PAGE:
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I implemented simple lock pattern based on TATAS-lock extended by signed counter. It's looks like RWLock, but it's not TRUE RWLock. Writers do not block each other, but block readers. Same for readers. Writers and readers have the same priorities. (I do not know the name of this pattern.) I used new built-ins __atomic, which implemented in gcc-4.7 or clang. 6.52 Built-in functions for memory model aware atomic operations

 void lock1(int *lock_ptr) {
        int lock;
        do {
            lock = *lock_ptr;
            if(lock > 0)
                continue;
        } while(false == __atomic_compare_exchange_n(lock_ptr, &lock, lock - 1, false, __ATOMIC_ACQ_REL, __ATOMIC_RELAXED));
    }

    void unlock1(int *lock_ptr) {
        __atomic_add_fetch (lock_ptr, 1, __ATOMIC_ACQ_REL);
    }

    void lock2(int *lock_ptr) {
        int lock;
        do {
            lock = *lock_ptr;
            if(lock < 0)
                continue;
        } while(false == __atomic_compare_exchange_n(lock_ptr, &lock, lock + 1, false, __ATOMIC_ACQ_REL, __ATOMIC_RELAXED));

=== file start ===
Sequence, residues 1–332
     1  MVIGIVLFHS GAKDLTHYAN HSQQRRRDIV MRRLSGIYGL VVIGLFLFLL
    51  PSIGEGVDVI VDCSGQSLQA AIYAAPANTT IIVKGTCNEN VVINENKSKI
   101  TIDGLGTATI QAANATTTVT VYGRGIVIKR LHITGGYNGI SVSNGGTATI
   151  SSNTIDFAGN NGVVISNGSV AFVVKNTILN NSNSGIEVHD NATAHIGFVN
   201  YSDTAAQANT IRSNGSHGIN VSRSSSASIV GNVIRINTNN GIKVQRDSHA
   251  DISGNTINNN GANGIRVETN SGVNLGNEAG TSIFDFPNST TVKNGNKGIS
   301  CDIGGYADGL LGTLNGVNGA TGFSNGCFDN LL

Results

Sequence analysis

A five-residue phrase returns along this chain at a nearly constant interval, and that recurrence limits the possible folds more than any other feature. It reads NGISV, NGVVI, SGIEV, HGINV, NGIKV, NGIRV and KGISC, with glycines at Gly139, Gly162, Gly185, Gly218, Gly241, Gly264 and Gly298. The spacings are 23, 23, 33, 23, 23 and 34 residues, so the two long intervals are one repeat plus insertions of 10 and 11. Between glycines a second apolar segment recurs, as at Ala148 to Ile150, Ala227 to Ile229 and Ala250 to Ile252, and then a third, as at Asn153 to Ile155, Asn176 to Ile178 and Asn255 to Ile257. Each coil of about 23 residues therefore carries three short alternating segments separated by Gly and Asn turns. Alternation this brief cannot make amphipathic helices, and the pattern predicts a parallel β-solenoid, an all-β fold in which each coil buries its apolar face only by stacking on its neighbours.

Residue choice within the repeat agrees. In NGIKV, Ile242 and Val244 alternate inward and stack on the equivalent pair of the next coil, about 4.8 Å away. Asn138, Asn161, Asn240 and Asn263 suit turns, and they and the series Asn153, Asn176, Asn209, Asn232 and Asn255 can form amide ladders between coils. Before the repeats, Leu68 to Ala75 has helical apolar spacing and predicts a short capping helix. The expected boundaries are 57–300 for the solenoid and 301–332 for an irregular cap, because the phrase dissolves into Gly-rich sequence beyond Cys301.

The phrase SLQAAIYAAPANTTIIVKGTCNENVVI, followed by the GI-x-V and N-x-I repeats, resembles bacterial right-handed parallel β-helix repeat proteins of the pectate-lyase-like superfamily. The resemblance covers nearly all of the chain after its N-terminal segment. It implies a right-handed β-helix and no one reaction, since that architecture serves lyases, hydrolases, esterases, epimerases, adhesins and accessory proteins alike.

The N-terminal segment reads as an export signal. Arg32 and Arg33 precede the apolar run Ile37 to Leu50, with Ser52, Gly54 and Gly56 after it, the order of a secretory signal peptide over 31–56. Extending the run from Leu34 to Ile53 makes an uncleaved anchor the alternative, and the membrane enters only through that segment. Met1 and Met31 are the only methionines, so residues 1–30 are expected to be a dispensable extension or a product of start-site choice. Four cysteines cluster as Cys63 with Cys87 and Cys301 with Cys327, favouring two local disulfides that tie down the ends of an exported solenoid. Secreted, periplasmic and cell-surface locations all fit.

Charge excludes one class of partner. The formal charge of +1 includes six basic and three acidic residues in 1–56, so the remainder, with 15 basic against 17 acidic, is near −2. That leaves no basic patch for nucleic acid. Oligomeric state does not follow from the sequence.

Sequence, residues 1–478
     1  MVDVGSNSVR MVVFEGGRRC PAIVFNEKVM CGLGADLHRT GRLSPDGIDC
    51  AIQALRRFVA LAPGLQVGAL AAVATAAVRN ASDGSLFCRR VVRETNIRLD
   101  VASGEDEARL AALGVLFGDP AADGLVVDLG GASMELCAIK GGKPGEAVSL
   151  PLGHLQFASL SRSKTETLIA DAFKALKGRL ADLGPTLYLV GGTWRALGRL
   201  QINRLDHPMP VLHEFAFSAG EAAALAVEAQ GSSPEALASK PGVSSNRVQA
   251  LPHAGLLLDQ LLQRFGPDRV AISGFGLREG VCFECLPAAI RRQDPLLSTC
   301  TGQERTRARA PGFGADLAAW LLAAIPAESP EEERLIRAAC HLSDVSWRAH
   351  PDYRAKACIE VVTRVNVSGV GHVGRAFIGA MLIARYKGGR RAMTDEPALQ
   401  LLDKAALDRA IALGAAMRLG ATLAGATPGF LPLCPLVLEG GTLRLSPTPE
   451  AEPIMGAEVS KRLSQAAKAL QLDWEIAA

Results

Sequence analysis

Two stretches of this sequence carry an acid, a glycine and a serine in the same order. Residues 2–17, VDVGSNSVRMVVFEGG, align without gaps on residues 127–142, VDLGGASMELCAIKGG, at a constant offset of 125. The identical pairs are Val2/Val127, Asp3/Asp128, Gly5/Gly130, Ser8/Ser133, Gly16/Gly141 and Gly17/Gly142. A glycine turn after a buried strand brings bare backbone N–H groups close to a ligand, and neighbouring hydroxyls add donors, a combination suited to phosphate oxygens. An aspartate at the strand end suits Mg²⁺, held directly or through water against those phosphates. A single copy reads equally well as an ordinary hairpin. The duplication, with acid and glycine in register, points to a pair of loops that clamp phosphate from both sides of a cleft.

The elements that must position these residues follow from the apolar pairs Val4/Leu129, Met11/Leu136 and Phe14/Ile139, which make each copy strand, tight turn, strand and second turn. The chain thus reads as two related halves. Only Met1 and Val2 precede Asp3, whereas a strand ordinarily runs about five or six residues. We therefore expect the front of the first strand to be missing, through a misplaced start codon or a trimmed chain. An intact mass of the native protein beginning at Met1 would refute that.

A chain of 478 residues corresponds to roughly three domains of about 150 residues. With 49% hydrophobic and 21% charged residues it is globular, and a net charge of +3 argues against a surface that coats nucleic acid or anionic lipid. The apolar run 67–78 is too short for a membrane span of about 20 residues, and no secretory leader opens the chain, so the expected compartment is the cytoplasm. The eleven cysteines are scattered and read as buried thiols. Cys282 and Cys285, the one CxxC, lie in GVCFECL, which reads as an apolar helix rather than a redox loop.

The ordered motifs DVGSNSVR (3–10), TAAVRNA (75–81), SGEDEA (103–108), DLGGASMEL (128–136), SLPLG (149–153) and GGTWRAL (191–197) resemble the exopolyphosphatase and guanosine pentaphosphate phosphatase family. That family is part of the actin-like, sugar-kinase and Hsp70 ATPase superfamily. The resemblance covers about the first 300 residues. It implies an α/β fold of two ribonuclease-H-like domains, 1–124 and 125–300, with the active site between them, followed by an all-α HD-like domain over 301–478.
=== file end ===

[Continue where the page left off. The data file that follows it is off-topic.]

}

    void unlock2(int *lock_ptr) {
        __atomic_sub_fetch (lock_ptr, 1, __ATOMIC_ACQ_REL);
    }

It's looks correct but i am not sure about memory models. Is it correct to use __ATOMIC_RELAXED for failure_memmodel and __ATOMIC_ACQ_REL for success_memmodel at __atomic_compare_exchange or it's must be strong __ATOMIC_SEQ_CST even at __atomic_sub_fetch and __atomic_add_fetch or another model?

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possible duplicate of Example for boost shared_mutex (multiple reads/one write)? –  Hans Passant Dec 3 '13 at 15:42
    
Sorry, but i didn't ask about mutual-based RWLock example. Code in my question is lock-free algorithm based on atomic operations. So, my question - how use memory models for __atomic built-ins to get better performance. –  dali Dec 3 '13 at 20:00

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